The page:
Passion – it’s what drives an individual in their success personally and professionally. Melinda E. Chappell’s passion for recreational therapy and helping others has played a large role through every aspect of her life. Now she is exemplifying this passion through an endowment to provide unrestricted support for the Clemson University Recreational Therapy (CURT) Program, which is part of the College of Behavioral, Social and Health Sciences.
Melinda’s road to creating this endowment was straight and determined. Raised in Columbia, South Carolina, she was the only girl growing up with four brothers, two of whom are also Clemson graduates. Melinda and her four brothers were instilled with a love for athletics from an early age, thanks to their parents, Chris and “Booie” Chappell. They even had a golf green and sand trap in their backyard to prove it!
When Melinda was around nine years old, doctors discovered a bone cyst in her hip that required two surgeries. During her recovery, her entertainment was limited, but she quickly found that she enjoyed swimming as a form of physical therapy. That experience and her passion for Clemson eventually led her to Tiger Town where she majored in recreation and parks administration with an emphasis in therapeutic recreation. Her goal was to utilize both her degree and passion by working with children and teens challenged with physical disabilities.
While at Clemson, Melinda dove into every aspect of collegiate life – from her sorority that she describes as a “diverse group of smart and determined women,” to approaching the late Clemson President Bill Atchley’s wife, Pat, to help start a women’s golf team. Pat Atchley, an avid golfer herself, advised Melinda to start with a collegiate club.
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“The first meeting was composed of men and a handful of women,” says Melinda, “and we played lots of courses throughout the area. It wasn’t competitive, but it was a start.” That small start paid off in 2013 when Clemson Women’s Golf Team was formed.
Upon graduating, Melinda was able to utilize her degree and her passion in the field by working for a psychiatric hospital as a recreational therapist. She worked with adolescents struggling with various mental and physical issues, using swimming, tennis, bowling and other sports to not only help them restore their self-esteem but to provide direction in all aspects of their lives.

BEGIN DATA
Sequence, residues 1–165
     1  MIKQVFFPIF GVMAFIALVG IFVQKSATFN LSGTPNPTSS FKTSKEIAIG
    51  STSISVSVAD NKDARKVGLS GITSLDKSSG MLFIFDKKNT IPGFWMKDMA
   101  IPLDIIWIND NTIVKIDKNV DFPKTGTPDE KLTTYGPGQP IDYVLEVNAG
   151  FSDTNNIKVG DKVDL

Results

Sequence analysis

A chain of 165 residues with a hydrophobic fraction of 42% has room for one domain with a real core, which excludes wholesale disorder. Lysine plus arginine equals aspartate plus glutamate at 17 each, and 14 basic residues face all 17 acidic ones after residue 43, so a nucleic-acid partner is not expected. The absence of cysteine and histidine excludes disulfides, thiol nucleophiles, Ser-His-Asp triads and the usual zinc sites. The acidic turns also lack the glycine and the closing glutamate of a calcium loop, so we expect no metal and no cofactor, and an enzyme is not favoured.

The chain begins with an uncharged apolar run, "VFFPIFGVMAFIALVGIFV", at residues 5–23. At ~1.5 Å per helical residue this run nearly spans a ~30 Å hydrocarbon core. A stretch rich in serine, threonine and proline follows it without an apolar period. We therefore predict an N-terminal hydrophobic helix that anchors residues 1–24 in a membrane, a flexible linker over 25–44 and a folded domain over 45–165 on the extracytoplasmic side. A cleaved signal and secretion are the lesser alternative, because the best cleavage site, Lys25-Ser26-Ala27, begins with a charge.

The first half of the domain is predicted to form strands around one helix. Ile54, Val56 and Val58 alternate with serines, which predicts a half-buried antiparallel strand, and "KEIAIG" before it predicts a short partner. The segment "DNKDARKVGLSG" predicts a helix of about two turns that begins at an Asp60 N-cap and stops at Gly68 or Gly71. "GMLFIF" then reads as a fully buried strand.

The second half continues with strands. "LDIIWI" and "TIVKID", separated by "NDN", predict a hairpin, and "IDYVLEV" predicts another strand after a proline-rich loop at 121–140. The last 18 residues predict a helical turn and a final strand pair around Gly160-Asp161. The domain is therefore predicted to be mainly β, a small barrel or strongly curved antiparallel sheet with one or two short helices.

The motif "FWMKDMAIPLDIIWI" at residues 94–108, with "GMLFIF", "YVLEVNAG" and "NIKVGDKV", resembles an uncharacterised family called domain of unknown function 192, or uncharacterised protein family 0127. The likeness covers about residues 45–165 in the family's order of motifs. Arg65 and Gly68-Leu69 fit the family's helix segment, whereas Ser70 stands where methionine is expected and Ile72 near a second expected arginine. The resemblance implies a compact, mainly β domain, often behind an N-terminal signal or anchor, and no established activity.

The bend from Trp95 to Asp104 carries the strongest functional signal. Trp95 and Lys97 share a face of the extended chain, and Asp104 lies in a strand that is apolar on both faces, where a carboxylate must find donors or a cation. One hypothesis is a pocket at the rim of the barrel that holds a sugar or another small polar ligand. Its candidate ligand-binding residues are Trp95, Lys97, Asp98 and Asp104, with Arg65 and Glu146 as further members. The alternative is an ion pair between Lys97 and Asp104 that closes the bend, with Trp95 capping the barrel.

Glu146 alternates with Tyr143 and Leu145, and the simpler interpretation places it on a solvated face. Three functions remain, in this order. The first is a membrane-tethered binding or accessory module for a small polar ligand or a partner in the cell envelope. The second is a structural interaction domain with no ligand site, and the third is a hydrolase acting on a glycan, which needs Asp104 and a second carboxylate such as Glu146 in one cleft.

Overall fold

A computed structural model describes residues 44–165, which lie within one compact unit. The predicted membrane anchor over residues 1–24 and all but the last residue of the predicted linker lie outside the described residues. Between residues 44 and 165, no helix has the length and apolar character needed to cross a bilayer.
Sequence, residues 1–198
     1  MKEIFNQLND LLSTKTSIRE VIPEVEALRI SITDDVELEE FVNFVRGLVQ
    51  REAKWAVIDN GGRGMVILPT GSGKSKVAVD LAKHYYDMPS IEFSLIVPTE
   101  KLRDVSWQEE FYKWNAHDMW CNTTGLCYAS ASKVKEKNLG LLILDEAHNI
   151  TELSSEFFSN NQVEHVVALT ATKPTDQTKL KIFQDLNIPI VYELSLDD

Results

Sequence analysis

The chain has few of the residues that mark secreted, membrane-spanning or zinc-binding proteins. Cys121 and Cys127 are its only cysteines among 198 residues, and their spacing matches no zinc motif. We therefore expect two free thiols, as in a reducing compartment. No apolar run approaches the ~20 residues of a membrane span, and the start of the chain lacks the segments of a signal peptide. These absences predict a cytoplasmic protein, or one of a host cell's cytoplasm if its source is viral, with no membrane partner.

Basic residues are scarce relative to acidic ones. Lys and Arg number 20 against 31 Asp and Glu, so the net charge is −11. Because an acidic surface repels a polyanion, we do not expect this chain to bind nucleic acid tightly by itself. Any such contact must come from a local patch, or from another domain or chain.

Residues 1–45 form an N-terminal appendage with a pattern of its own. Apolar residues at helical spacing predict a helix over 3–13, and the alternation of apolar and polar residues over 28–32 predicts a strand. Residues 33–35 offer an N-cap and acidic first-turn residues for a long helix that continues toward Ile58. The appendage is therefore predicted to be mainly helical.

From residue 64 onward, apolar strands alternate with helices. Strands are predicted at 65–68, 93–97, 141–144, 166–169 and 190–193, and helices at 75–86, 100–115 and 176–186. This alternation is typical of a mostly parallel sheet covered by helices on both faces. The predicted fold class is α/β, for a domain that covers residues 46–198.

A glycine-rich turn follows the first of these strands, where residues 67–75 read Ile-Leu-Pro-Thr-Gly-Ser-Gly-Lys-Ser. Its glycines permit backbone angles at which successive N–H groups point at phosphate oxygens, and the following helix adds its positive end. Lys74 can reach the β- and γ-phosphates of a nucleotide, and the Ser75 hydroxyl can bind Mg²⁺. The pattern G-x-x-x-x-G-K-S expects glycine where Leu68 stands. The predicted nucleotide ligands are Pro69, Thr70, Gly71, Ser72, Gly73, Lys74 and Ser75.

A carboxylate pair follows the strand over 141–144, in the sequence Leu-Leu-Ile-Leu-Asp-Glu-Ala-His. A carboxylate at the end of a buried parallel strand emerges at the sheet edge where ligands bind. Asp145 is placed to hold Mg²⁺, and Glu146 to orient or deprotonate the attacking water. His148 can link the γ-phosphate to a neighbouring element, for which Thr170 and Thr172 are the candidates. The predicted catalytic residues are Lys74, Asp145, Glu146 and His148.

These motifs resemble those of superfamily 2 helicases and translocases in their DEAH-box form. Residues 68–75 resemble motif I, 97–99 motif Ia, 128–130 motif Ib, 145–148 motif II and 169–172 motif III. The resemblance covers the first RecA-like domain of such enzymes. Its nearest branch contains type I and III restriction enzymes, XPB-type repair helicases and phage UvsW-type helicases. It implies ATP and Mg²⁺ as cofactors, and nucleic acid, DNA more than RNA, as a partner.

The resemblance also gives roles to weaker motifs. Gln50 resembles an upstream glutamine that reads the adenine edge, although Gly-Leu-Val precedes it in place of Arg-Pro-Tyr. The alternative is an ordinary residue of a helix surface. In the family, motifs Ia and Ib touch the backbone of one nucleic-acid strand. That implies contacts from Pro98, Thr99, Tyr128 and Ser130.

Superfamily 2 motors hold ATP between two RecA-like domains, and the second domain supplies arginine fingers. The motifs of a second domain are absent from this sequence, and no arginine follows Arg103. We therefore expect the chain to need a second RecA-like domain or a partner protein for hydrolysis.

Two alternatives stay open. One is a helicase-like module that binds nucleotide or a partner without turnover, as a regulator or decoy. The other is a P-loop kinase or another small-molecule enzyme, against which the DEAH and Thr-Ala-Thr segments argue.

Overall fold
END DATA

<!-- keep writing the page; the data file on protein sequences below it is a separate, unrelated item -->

During her career as a recreational therapist, she has also worked tirelessly with nonprofits. While working at the South Carolina Vocational Rehabilitation Muscular Development Center in Columbia, she helped found the nonprofit organization Limitless Sports, a program designed to help people with disabilities compete in sports activities. Melinda was instrumental in bringing the late Christopher Reeve to speak at a major fundraiser for that organization, an accomplishment of which she is very proud.
Melinda was tapped to be the director of the North Myrtle Beach Aquatic and Fitness Center before it was even built – a position she still holds today. Now a resident of North Myrtle Beach, she started another local nonprofit, Coastal Adaptive Sports. She was recently involved with a fundraiser for yet another nonprofit in North Myrtle Beach, Teen Angels – an organization aimed at helping homeless and otherwise struggling teens achieve successful educational experiences through the use of community resources.
Melinda was also a founding member of the Southeastern Wheelchair Sports Association, a nonprofit hosting regional athletic competition for persons with disabilities. As an active alumna, Melinda knew of Clemson’s commitment to adaptive sports, and she was instrumental in moving the games inland to make it more accessible for attendees from places such as Atlanta and Charlotte. During its 25th annual games last month in Clemson, after 24 years of being hosted in Myrtle Beach, the Southeastern Regional Wheelchair Games welcomed 15 participants to the Clemson campus. Volunteers included students from Clemson’s PRTM program and several Clemson football players. Two Clemson students, Marsden Miller and Scarlett Lawhorne, participated in the games.
Melinda believes the sky is the limit when it comes to philanthropic endeavors and generosity, a mentality that led her to Tiger Town once again as she began considering ways to leave a legacy that reflected both her passion for helping others through sports and her love of Clemson.
That’s when she began working with the Clemson University Foundation to create the Melinda E. Chappell ’82 Endowment for Recreational Therapy to provide unrestricted support for the CURT Program – or its successor. When funds are reached to endow this program, a second endowment, the Melinda E. Chappell ’82 Golf Endowment, will be directed to the Clemson Women’s Golf Team.
“I want to help students who want to utilize their desire to go into recreational therapy to achieve their dreams, live their passion and help others in the process. God has worked in my life to do this, and I feel blessed to be able to create a legacy that will help deserving people,” Melinda says. “I feel so strongly that Thomas and Anna Clemson are a testament we should live by and that through planned giving, no matter the size of the resources we have, each of us can be a transformative power in people’s lives.”
To learn how you can make your own gift to Clemson, visit www.clemson.edu/giving.
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